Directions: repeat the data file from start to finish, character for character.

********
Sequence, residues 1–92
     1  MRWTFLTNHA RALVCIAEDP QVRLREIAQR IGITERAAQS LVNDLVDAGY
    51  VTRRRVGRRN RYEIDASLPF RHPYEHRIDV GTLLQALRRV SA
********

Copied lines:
Sequence, residues 1–92
     1  MRWTFLTNHA RALVCIAEDP QVRLREIAQR IGITERAAQS LVNDLVDAGY
    51  VTRRRVGRRN RYEIDASLPF RHPYEHRIDV GTLLQALRRV SA